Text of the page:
VANCOUVER (NEWS 1130) — The heatwave is unpleasant for anyone without AC — but the situation is giving a welcome boost to hotels and restaurants — both a pair of struggling industries.
Some restaurants and hotels are enjoying a bit of a boost after a rough period during the pandemic.
Darragh McFeely with Nuba Restaurant Group tells NEWS 1130, kitchens are busy at Metro Vancouver restaurants since people don’t want to spend much time by the oven in this heat. So restaurants are seeing a jump in takeout.
“With the sheer temperatures, I don’t think as many people were going out as they normally would have on a sunny weekend. So while our customer numbers surged over the weekend, which was great, it really was more skewed towards takeout. Because even with the air conditioning, I think people are reluctant to travel from their house to the restaurant,” he says.
McFeely says there was a surge in dine-in as well but not compared to the takeout orders.
As restrictions continue to ease in the province, McFeely says they’ve been experiencing a steady surge over the last few weeks.
But the extreme weather conditions did result in an estimated 15 per cent bump compared to what McFeely was expecting this week.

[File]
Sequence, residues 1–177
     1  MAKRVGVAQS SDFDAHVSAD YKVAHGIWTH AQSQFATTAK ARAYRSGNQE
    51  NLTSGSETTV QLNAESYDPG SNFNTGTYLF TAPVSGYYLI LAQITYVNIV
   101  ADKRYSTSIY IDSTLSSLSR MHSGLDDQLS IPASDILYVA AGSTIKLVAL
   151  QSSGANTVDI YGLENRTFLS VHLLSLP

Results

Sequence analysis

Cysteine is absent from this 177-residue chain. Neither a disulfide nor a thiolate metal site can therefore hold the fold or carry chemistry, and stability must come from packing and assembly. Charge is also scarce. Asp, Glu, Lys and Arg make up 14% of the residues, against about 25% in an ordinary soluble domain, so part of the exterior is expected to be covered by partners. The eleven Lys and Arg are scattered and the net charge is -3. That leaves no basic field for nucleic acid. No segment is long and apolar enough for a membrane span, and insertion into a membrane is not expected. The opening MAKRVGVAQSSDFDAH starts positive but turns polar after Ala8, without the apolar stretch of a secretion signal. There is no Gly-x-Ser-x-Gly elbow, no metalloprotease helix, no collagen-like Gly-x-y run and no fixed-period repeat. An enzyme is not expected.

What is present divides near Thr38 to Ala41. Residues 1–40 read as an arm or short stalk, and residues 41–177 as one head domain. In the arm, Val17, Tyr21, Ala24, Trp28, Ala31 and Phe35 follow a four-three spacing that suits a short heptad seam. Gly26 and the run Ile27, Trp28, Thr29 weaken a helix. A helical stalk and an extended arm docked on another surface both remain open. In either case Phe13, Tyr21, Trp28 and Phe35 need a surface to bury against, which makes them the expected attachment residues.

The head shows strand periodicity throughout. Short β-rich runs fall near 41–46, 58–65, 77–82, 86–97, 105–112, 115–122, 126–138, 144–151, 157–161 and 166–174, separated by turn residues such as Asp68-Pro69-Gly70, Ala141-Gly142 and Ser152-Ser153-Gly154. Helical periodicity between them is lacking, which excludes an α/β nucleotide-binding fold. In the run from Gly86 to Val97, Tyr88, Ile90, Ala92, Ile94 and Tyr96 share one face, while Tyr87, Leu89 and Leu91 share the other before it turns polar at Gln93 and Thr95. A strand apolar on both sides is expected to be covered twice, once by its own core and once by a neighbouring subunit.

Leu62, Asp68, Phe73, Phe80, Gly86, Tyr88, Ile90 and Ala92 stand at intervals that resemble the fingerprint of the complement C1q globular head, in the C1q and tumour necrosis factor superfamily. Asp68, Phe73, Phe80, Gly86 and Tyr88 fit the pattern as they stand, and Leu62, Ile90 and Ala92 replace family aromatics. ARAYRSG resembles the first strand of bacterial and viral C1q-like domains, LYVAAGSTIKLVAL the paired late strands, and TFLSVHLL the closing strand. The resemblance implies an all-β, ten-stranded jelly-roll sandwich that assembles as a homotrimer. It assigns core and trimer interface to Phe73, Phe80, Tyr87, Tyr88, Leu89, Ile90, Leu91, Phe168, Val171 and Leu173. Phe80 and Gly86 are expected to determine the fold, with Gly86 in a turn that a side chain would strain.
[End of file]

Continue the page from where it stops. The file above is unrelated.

“The reality is we’re still about 30 per cent down on pre-COVID levels, the lunch businesses has yet to come back and we’ll see whether it does to the full extent,” he says.
“It was nice to see the extra business no question.”
McFeely says he is looking forward to B.C. entering stage 3 of the COVID-19 restart Thursday, which will allow dine-ins for large groups at restaurants, bars, and pubs.
Meanwhile, Ingrid Jarrett with the BC Hotel Association says while some people booked rooms, many hotels had to turn people away because they don’t have the staff to operate at full capacity.
“The phones are certainly ringing. When we really think about how many people are still working from home. And how many homes in the province don’t have air conditioning, there’s a great opportunity for people to go and book a hotel room,” she says.
However, she is asking hotels guests to be patient.
“People are certainly making their reservations for their summer vacations, in addition to this heatwave — is we have this critical workforce shortage,” she says.
“Many of our properties are having to limit their occupancy right now, because they simply do not have the workforce to clean the rooms or to look after the level of service that people would have been provided previously.”
Jarrett expects the summer to be a successful business, but she says they are not out the woods yet considering the many unfilled positions.